Hard boiled eggs always taste best when served just after being cooked. However, occasionally you have to cook them in bulk because you're super busy — and they are one of the best foods to prepare ahead of time. In that case, cool your eggs in an ice bath or under cold tap water and then store in the fridge within a couple hours to reduce risk of food borne illness.

Keep your refrigerated, hard boiled eggs covered in an air tight container — this will prevent them from picking up odors. Don't peel until you're ready to consume; no longer than a week. Leaving the shells on while refrigerated will keep the eggs from drying out or getting slimy from excess moisture, and it provides a protective barrier that preserves freshness.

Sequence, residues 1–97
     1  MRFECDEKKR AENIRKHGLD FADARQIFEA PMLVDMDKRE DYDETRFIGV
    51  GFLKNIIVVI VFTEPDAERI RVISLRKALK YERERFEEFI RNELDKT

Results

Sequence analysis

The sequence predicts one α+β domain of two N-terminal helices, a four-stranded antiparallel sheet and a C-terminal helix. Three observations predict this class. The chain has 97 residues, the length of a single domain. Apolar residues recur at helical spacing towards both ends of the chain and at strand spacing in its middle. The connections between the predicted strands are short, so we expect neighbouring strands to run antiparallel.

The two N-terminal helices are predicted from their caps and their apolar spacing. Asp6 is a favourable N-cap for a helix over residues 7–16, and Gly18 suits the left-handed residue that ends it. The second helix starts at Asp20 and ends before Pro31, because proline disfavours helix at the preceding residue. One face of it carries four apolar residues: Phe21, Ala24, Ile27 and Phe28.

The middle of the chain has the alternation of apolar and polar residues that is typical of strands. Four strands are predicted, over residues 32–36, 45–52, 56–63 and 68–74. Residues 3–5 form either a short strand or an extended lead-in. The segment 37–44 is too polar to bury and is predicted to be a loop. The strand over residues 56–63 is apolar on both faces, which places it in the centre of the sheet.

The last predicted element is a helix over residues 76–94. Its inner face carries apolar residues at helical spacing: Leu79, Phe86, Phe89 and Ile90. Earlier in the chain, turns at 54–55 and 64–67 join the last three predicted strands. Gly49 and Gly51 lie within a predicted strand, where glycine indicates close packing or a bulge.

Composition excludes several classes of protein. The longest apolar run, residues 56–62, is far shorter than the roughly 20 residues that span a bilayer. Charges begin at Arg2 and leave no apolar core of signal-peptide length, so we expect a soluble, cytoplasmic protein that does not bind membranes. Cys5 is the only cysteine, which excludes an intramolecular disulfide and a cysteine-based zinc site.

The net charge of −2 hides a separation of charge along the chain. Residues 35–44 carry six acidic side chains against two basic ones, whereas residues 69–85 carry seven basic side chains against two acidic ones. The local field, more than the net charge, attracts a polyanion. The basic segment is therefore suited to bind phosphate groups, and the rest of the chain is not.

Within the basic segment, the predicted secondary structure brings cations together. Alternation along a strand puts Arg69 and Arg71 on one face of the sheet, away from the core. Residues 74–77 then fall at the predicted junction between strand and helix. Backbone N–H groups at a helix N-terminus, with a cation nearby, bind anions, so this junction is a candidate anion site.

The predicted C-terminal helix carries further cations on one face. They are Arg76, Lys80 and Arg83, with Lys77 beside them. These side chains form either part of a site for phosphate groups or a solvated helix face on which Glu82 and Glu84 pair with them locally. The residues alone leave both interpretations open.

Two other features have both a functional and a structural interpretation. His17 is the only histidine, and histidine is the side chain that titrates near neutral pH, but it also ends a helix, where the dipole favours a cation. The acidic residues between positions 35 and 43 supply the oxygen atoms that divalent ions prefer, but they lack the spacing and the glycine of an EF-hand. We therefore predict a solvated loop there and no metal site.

Write the date on the shell to help remember when you cooked the eggs — a Sharpie is handy for this. Or draw a big X on one side so you know which eggs in the fridge are hard boiled and which are raw. You can even draw a happy face for your kids so they'll know the eggs are cooked and ready to eat. 

What are you waiting for? Get some water boiling — an egg-ceptional treat awaits!